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After trying to get this to work for a while and searching around I am truly stumped so am posting here... I want to make some functions in classes that I am writing for django as generic as possible so I want to use getattr to call functions such as the one below in a generic manner:

the way I do it that works (non-generic manner):

from django.db.models import get_model
mymodel = get_model('appname', 'modelname')
dbobject = mymodel.objects.all()

one of my attempts create this in a generic manner, still not working, it does return something back but its not the proper object type so that i can get the data from it (its a database call for django)

ret = getattr(mymodel,'objects')
dbobject = getattr(ret,'all')
share|improve this question
up vote 10 down vote accepted

You forgot to call the result.

dbobject = mymodel.objects.all()

Accesses the method mymodel.objects.all and then calls it.

ret = getattr(mymodel,'objects')
self.dbobject = getattr(ret,'all')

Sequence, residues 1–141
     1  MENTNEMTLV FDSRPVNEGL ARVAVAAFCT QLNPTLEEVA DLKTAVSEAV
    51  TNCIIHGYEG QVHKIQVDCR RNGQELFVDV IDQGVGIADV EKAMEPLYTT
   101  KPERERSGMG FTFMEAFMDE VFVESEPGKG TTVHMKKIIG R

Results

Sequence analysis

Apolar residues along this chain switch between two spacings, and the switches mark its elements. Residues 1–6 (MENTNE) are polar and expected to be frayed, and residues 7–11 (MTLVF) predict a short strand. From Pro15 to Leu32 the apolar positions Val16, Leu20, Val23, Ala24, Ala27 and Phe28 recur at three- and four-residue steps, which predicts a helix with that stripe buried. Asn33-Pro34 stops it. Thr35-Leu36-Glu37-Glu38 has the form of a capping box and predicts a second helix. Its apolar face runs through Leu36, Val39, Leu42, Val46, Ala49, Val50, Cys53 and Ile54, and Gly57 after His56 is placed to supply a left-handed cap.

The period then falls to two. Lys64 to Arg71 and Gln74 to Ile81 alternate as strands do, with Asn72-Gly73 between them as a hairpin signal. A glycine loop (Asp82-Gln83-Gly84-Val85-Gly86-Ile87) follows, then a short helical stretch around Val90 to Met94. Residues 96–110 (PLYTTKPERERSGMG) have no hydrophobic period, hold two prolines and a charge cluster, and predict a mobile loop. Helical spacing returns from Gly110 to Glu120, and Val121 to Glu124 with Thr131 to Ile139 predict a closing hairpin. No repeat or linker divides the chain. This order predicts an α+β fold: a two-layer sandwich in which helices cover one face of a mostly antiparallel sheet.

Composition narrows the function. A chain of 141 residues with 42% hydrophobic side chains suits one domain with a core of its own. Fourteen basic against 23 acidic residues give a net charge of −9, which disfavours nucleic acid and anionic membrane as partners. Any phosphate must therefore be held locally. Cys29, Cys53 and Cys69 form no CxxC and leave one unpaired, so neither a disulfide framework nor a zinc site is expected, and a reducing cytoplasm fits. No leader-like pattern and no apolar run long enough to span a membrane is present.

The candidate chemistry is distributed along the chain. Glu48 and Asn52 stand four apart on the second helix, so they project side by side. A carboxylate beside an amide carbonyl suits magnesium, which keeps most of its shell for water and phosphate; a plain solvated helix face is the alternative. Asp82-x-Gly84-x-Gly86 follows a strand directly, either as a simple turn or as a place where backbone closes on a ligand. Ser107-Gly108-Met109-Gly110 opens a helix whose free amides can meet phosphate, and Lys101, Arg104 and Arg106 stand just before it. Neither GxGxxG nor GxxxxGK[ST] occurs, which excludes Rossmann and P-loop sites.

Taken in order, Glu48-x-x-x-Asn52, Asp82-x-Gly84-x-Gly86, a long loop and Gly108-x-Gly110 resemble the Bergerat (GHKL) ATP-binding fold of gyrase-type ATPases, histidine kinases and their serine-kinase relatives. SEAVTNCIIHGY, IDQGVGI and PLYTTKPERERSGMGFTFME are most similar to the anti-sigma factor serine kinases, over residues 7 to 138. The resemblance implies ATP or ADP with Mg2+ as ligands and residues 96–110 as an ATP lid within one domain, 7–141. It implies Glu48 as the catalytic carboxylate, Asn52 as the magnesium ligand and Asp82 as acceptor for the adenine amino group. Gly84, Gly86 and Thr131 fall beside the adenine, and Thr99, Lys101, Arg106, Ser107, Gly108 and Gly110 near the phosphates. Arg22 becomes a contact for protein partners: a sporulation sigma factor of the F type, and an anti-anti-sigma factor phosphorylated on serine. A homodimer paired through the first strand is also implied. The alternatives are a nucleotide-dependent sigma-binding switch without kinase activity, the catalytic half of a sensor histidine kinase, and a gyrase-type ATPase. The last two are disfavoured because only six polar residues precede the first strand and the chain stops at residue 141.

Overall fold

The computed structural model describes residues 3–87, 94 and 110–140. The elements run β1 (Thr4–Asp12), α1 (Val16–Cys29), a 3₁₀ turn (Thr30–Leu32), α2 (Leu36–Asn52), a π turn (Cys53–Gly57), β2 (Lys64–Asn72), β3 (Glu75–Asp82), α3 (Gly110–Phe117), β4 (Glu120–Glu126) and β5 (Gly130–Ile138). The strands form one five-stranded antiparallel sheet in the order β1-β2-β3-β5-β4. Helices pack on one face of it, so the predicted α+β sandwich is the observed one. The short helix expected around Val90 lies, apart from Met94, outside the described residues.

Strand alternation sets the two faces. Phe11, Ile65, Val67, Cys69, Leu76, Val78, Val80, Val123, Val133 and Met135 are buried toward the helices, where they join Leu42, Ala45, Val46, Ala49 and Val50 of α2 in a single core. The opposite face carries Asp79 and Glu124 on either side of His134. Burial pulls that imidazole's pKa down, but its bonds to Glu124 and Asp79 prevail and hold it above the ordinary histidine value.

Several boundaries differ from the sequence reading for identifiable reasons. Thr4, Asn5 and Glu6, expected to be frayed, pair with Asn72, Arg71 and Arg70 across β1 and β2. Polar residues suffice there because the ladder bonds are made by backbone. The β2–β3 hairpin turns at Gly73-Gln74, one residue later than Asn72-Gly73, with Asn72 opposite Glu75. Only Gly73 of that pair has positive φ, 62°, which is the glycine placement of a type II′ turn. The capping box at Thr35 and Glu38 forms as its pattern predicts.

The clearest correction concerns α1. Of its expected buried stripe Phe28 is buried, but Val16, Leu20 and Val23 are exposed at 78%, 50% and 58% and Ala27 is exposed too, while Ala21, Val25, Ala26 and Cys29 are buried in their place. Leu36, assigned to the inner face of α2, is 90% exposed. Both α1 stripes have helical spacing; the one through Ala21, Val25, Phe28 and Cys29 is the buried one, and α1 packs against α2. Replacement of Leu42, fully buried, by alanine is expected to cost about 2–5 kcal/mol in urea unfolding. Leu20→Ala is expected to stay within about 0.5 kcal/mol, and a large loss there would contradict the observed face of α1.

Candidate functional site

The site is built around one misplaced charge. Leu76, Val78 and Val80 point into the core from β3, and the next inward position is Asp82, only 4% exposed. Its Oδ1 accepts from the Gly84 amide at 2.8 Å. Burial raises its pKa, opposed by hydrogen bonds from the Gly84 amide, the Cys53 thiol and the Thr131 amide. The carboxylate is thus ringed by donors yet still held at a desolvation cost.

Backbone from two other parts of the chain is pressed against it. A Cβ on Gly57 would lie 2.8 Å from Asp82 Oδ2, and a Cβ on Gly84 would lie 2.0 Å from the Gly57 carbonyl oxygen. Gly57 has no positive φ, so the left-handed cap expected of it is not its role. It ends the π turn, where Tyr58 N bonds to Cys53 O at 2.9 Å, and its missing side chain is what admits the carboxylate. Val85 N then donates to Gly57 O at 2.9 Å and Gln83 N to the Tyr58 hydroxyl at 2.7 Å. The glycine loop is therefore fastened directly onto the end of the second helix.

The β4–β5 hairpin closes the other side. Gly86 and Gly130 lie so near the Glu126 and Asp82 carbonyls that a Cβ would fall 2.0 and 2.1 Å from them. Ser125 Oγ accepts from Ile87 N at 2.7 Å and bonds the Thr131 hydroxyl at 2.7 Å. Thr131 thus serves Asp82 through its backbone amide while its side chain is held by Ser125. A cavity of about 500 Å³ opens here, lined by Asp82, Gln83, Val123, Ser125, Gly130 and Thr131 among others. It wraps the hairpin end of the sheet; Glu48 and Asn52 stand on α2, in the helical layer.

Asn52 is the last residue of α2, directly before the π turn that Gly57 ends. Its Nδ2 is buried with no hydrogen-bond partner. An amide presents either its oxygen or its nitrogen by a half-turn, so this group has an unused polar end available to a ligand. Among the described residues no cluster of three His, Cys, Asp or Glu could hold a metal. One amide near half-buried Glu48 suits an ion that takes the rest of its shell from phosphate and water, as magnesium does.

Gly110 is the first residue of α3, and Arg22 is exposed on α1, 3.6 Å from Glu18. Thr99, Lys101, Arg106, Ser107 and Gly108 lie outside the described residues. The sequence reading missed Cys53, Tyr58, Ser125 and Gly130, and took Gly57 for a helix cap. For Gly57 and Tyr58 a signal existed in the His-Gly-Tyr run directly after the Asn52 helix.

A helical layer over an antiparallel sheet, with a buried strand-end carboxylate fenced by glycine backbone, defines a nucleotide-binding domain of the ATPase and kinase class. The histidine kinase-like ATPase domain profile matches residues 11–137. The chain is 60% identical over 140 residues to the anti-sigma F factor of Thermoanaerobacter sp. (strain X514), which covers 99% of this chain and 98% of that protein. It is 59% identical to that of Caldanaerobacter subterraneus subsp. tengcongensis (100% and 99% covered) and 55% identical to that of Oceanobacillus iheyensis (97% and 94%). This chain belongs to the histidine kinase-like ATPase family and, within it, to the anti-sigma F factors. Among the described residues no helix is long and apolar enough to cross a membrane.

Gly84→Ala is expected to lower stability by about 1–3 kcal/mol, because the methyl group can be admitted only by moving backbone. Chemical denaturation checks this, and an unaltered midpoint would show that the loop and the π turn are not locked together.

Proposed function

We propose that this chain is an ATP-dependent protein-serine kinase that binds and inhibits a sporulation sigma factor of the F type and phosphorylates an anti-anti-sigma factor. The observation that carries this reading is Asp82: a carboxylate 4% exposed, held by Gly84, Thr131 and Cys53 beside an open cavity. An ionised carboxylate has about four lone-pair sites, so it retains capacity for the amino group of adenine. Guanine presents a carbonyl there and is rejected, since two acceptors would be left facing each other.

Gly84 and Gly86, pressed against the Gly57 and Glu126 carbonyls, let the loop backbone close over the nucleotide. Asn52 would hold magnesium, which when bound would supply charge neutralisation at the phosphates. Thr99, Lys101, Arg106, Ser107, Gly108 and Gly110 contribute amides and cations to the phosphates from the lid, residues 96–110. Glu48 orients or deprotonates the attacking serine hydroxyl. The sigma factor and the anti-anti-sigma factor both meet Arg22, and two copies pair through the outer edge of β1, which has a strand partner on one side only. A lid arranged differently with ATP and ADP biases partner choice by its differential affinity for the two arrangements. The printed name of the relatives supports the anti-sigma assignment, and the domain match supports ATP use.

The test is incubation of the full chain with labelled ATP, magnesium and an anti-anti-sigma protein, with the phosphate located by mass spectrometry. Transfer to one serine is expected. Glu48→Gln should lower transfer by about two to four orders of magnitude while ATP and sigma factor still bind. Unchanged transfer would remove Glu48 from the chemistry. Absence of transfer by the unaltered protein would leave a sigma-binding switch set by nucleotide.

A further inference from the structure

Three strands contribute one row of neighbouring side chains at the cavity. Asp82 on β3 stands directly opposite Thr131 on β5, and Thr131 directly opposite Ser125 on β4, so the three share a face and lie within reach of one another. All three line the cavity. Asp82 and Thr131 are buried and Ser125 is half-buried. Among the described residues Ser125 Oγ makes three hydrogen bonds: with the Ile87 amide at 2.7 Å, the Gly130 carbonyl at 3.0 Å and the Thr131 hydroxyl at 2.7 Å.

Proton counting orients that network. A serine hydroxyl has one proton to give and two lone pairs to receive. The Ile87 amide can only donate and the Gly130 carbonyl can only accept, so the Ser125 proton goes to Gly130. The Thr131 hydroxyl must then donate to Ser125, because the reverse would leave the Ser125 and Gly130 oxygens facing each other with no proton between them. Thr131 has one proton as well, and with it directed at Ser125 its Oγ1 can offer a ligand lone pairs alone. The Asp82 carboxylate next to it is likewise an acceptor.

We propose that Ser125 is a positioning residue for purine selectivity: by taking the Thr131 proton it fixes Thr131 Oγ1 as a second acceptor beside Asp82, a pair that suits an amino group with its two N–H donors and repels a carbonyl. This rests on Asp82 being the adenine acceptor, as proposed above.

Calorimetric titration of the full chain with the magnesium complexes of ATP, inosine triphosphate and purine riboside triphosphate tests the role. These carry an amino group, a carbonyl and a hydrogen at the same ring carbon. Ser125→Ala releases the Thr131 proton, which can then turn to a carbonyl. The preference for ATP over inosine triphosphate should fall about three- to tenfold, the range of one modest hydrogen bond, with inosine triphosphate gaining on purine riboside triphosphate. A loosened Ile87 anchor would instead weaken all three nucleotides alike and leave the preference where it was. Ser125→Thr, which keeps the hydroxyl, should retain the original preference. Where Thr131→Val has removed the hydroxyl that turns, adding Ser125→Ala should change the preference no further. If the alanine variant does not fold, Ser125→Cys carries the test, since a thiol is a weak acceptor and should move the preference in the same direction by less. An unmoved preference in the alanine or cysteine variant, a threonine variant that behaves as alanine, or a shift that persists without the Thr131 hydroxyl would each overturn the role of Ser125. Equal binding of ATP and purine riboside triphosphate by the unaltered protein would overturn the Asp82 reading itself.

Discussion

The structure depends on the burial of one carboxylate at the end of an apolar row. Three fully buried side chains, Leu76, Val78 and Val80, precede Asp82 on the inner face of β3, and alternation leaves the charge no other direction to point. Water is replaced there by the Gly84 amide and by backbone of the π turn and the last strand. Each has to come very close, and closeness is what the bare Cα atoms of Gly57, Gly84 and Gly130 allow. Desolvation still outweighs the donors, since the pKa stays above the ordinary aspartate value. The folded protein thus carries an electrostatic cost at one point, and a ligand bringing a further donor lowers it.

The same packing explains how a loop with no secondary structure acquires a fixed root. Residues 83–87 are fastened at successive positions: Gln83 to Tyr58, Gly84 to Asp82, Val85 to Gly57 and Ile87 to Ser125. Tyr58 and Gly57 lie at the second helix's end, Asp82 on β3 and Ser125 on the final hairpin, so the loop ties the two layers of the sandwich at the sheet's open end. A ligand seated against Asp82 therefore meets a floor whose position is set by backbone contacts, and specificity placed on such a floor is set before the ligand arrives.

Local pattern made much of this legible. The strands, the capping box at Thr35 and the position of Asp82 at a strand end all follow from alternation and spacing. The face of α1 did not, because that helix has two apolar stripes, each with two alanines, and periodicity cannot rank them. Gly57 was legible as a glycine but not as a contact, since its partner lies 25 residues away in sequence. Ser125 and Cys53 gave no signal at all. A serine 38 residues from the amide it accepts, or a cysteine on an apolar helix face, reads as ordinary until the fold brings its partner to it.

accesses the method mymodel.objects.all but does not call it.

All you need is to change the last line to:

self.dbobject = getattr(ret,'all')()
share|improve this answer
thanks.. ok I get it now.. I had tried doing something like this before, but was putting it all into just one getattr call, I understand now that I am just calling the 'all' part with the rest of the "preceding part" as the object in the getattr, so that needs to be done separately, thanks for clearing this up... I had thought I could do: dbobject = getattr(model,'objects.all')() but this wasn't working so this kind of confused me from there – Rick Sep 13 '10 at 8:41

You will need to call the attribute if it's a function, e.g.

ret = getattr(mymodel,'objects')
all = getattr(ret,'all')
self.dbobject = all()
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